Ardian vet, early Google employee post $3.8M for stealthy med tech startup

A stealthy Silicon Valley medical device firm has raised $3.8 million and may be aiming to do for neurovascular diseases what one of its founders helped do for high blood pressure.

Medina Medical's Nov. 27 filing with the SEC names investor Annette Franqui and Sand Hill Angels member Bakir Begovic. Based in Menlo Park, CA, Medina is developing "minimally invasive devices for the treatment of brain aneurysms and stroke," according to Medina Medical's website, which doesn't offer much else.

But there are some clues in the company's roster of co-founders. Medina's CTO is Maria Aboytes, who had a late R&D role at renal denervation pioneer Ardian Inc. In 2010, Ardian sold to Medtronic ($MDT) for $800 million on the strength of its flagship product, Symplicity, a catheter that uses radiofrequency energy to offer a minimally invasive, low-risk treatment of resistant hypertension.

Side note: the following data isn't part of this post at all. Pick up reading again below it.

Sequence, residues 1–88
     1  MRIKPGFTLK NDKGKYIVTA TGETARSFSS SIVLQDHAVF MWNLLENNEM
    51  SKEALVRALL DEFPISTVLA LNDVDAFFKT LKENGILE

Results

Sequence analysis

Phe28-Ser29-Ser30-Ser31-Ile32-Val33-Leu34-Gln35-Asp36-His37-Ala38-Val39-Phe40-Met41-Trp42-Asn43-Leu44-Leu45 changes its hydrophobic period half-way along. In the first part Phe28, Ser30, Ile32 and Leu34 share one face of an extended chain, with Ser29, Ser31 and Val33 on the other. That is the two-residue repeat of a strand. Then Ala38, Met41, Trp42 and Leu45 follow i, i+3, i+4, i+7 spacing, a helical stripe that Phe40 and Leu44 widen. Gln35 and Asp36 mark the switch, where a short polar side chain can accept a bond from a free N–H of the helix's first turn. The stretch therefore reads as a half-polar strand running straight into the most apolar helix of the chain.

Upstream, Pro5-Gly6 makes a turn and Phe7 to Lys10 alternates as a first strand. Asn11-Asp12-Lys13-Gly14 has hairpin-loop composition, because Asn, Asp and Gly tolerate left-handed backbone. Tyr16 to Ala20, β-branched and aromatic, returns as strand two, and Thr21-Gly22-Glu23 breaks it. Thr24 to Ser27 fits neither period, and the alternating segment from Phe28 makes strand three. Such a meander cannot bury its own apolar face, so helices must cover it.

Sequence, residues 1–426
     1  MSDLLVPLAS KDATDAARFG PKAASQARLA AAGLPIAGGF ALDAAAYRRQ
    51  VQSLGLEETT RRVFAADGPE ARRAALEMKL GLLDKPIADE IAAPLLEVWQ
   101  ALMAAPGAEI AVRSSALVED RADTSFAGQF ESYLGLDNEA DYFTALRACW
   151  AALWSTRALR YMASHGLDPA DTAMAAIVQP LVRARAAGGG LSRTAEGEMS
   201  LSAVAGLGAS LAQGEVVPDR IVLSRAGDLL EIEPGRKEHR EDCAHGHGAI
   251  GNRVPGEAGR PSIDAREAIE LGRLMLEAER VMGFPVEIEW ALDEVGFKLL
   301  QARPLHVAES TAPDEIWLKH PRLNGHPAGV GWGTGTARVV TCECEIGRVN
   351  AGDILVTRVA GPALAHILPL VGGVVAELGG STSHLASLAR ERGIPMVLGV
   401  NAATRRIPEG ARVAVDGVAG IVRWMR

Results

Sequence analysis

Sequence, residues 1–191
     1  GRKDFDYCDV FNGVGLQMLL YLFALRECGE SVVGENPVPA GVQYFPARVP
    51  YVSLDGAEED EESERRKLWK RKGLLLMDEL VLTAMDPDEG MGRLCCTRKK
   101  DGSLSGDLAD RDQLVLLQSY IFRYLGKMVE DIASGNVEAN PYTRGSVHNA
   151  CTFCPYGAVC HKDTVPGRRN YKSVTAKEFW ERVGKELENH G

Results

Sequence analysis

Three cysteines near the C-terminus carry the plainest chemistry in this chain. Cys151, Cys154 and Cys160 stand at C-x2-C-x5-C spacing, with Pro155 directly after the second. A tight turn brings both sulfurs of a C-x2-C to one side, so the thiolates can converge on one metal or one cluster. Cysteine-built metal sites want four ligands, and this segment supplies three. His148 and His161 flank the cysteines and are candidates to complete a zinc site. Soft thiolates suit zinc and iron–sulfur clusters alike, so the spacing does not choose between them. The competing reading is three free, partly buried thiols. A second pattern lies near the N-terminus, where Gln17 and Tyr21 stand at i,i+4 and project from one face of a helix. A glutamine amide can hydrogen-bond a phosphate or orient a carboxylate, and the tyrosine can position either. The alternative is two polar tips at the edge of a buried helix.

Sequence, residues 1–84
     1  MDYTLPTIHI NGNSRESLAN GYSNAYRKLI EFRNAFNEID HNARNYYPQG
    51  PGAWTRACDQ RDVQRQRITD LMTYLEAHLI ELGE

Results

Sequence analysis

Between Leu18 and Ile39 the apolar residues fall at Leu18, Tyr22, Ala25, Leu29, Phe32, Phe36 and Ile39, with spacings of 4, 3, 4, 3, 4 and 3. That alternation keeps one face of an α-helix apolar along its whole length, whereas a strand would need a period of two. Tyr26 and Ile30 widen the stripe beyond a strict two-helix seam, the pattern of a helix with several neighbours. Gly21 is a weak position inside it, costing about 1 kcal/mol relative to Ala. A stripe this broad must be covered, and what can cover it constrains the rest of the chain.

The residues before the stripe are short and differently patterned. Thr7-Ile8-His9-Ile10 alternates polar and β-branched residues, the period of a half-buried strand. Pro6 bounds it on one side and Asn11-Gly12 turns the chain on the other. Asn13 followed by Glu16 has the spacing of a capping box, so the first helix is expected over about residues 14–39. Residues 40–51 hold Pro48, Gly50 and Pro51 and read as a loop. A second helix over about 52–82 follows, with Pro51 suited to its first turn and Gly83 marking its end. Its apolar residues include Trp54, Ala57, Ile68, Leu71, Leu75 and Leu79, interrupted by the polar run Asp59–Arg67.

CEO Kimberly Vogel is a bit more of a cypher. She was an early employee of Google ($GOOG), working in public relations. According to her LinkedIn profile, she was employee No. 28 at the Internet search giant. In between Google and Medina, she was a wealth advisor--first for Morgan Stanley, then for a family office.

In 2012, Vogel told MedCity News Medina is developing an implantable device--not a stent--to treat brain aneurysms without using neuromodulation. She also named Covidien ($COV) and Thomas Fogarty, inventor of the balloon catheter, as early investors, according to MedCity. At the time, Medina was reportedly working on a first clinical trial in humans, toward CE mark approval in Europe.

- here's the SEC filing
- and here's Kimberly Vogel's profile on Girlgeeks

Suggested Articles

BD will begin working with Babson Diagnostics to help bring its lab-quality device for collecting blood from capillaries into retail pharmacies.

The former CEO of the molecular testing company Foundation Medicine, Troy Cox, has been named chairman of the Swiss big data firm Sophia Genetics.

Researchers at MIT used a machine-learning algorithm to uncover the potent antibiotic properties hiding within an old small-molecule candidate.